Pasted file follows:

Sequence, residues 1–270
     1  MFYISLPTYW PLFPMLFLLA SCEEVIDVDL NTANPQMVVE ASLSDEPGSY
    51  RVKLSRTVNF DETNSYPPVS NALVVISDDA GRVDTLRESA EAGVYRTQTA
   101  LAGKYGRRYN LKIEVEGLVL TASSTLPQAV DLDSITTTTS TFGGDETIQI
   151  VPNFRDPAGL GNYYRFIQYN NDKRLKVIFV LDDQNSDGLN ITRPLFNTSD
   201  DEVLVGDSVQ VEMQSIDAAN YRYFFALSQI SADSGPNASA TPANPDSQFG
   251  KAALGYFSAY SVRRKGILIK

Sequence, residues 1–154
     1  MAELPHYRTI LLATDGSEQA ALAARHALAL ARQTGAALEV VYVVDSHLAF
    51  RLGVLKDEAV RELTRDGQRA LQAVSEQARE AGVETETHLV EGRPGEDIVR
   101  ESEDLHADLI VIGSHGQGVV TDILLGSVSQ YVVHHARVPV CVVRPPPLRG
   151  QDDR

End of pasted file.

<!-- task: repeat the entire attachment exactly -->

Sequence, residues 1–270
     1  MFYISLPTYW PLFPMLFLLA SCEEVIDVDL NTANPQMVVE ASLSDEPGSY
    51  RVKLSRTVNF DETNSYPPVS NALVVISDDA GRVDTLRESA EAGVYRTQTA
   101  LAGKYGRRYN LKIEVEGLVL TASSTLPQAV DLDSITTTTS TFGGDETIQI
   151  VPNFRDPAGL GNYYRFIQYN NDKRLKVIFV LDDQNSDGLN ITRPLFNTSD
   201  DEVLVGDSVQ VEMQSIDAAN YRYFFALSQI SADSGPNASA TPANPDSQFG
   251  KAALGYFSAY SVRRKGILIK

Sequence, residues 1–154
     1  MAELPHYRTI LLATDGSEQA ALAARHALAL ARQTGAALEV VYVVDSHLAF
    51  RLGVLKDEAV RELTRDGQRA LQAVSEQARE AGVETETHLV EGRPGEDIVR
   101  ESEDLHADLI VIGSHGQGVV TDILLGSVSQ YVVHHARVPV CVVRPPPLRG
   151  QDDR